Compiling humorous commentaries about language in the United States, Nunberg, a language and computer technology researcher and a consulting linguistics professor at Stanford, here offers essays prepared for National Public Radio's Fresh Air. Some of the many topics covered are the long-lasting linguistic impact of movies, software that checks grammar, and word histories. Likewise, politics is one of six categories in which the essays are chronologically organized. Some readers will enjoy a review of 1990s events through reading the essays in their published order, while others can skip around owing to the essays' short length and approachable tones. Another collection about language that targets a similar audience of general readers is Verbatim: From the Bawdy to the Sublime, the Best Writing on Language for Word Lovers, Grammar Mavens, and Armchair Linguists (Harcourt, 2001), edited by Erin McKean. Recommended for large public libraries and libraries in communities with a strong National Public Radio audience. Marianne Orme, Des Plaines, IL (c) Copyright 2010. Library Journals LLC, a wholly owned subsidiary of Media Source, Inc. No redistribution permitted.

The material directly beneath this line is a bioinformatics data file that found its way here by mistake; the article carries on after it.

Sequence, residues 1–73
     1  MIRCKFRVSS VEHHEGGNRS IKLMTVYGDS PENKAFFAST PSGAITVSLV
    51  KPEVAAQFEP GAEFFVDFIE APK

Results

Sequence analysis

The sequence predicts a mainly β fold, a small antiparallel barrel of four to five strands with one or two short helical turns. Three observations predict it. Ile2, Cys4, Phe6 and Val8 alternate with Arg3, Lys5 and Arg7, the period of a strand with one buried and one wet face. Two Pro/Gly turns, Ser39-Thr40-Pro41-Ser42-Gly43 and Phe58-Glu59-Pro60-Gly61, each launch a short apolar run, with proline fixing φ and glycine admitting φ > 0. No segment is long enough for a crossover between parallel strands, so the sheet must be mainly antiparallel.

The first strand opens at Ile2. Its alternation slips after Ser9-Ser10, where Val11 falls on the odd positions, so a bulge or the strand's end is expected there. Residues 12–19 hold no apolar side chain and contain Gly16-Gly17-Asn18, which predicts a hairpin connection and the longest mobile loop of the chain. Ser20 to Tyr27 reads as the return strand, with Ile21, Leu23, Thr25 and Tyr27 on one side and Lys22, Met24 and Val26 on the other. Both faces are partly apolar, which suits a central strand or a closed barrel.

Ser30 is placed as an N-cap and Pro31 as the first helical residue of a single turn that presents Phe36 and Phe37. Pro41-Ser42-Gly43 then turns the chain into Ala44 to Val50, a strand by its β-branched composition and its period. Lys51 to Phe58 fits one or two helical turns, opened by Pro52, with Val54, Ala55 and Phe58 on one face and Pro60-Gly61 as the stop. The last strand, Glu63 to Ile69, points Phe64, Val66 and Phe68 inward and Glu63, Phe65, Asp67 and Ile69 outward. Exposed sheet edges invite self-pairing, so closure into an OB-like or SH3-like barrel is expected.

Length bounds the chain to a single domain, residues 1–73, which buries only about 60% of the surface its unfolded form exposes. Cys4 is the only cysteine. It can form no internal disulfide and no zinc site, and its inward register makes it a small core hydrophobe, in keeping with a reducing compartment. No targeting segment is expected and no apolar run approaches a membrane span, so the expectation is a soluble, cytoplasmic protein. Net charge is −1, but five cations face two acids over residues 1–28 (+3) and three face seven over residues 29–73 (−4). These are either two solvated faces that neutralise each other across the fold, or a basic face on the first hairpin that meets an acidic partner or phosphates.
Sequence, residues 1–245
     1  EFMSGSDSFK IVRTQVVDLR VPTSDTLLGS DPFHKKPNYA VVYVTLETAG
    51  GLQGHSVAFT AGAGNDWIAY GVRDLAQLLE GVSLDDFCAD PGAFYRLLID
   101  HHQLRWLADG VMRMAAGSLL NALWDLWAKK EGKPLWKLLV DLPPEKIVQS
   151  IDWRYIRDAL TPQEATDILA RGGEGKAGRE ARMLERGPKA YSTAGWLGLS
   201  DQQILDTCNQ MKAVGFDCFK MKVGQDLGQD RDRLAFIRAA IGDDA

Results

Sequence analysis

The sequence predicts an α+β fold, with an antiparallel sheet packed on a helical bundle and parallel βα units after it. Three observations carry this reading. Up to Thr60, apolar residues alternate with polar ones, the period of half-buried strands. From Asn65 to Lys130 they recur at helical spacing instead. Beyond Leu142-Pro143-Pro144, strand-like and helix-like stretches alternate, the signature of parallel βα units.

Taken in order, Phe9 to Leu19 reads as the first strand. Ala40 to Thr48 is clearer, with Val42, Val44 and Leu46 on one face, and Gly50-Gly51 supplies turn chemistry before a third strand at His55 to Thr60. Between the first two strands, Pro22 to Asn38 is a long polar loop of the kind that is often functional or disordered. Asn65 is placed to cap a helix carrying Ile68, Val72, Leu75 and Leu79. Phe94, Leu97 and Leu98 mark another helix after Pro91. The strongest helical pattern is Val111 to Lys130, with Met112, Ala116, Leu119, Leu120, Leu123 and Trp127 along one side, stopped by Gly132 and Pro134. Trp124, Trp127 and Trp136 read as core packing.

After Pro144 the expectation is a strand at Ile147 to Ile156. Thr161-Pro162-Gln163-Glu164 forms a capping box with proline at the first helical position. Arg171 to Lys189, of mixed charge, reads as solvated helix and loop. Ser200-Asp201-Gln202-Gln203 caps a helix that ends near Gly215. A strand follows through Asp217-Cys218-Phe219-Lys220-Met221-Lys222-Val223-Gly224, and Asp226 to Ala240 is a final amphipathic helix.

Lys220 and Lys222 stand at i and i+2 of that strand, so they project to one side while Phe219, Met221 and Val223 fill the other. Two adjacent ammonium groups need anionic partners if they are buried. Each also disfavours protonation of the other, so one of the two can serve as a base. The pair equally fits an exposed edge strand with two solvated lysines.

As a Cigarette Should {{1997}}The year was 1954. The top-rated TV show was I Love Lucy, sponsored by Philip Morris, and close behind was Your Hit Parade, sponsored by Lucky Strikes, whose ''Be Happy, Go Lucky'' jingle had won TV Guide's award for commercial of the year. And Otto Pritchard, a Pittsburgh carpenter with lung cancer, filed the first liability suit against a tobacco company. In that year R. J. Reynolds introduced the new brand Winston, which unlike other filter cigarettes stressed taste rather than health. Reynolds ran a singing commercial with the tagline ''Winston tastes good like a cigarette should.'' Like instead of as-as grammatical sins go it was pretty venial, but the purists went to the mattresses over it. One critic called it ''belligerent illiteracy''; another suggested that the writer who came up with the ad should be jailed. The Winston people were delighted with all the free publicity. They capitalized on the controversy in a new campaign that featured the slogan ''What do you want, good grammar or good taste?'' Soon after that Tareyton got in on the act with a campaign headed ''Us Tareyton smokers would rather fight than switch,'' and the whole dance went round again over pronouns. It was a curious episode. It certainly wasn't the first time advertisers had stooped to using popular usage to make a point. Fifty years earlier, the sides of barns all over the country were plastered with endorsements for Red Man chewing tobacco by the great Philadelphia second baseman Nap Lajoie: ''Lajoie chews Red Man, ask him if he don't.'' But no critic ever deigned to notice this sort of thing until the 50s, that golden age of American paranoia, when Madison Avenue vied with Moscow as the insidious corruptor of American mores. That was when he martini-sipping ad man in the gray flannel suit became the new archetype of the American smoothie -the character played by Tony Randall in Will Success Spoil Rock Hunter? and by Gig Young in just about everything else. Maybe that's why the grammarians' criticisms of the advertisements echoed with charges of class treason, the sense that the Winston copywriters were probably Yalies who knew perfectly well when to use as and when to use like. As Jacques Barzun put it, ''The language has less to fear from the crude vulgarism of the untaught than the blithe irresponsibility of the taught.'' In retrospect, it's all pretty ironic. Those cigarette ads do indeed sound a little sinister to us now, and of course they came back to haunt the companies that produced them. But the worst thing critics could find to say about them at the time was not that they were selling cigarettes, but only that they were doing it ungrammatically. The advertisers are still playing fast and loose with the language, but it's unlikely that the Winston episode will ever repeat itself. In recent months, for example, the Toyota people have been running a campaign that stresses how well their products fit in with consumers' day-to-day needs. '' Toyota, everyday'' is the slogan. You'd think that by spelling everyday like that they'd worry about suggesting that their products are banal and ordinary. But the ad agency thought the one-word version looked zippier, and when they talked to consumer focus groups, it turned out that no one was particularly troubled by the misspelling: people said they were used to seeing mistakes in advertising, and besides, it made the company seem folksier. Indeed, folksy is all you see in advertising nowadays. You think of those in-flight infomercials where guys in jeans and Doc Martens are touting the latest cool stuff from Hewlett-Packard and Motorola. Not long ago, in fact, Microsoft went to the ad agency that had done all those Gen-X ads for Nike and asked for an ad series that would make them sound cool. It bothered some people, like the Los Angeles Times columnist Gary Chapman; he took to task all these multinationals who appropriate a style and language that originates with inner-city kids who will wind up being the losers in the information age. It was a perfect reversal of the attacks that critics leveled at the Winston people back in the 50s. The advertisers are still taxed for their linguistic condescension, but now their crime is the betrayal not of their own class but of the people whose language they're ripping off. Well, of course. Advertisers are no less shameless now than they were back in the days of the singing commercial. What's surprising is only that people can still get indignant about it. Shocked, shocked! to find that there is advertising going on. Excerpted from The Way We Talk Now: Commentaries on Language and Culture from NPR's Fresh Air by Geoffrey Nunberg All rights reserved by the original copyright owners. Excerpts are provided for display purposes only and may not be reproduced, reprinted or distributed without the written permission of the publisher.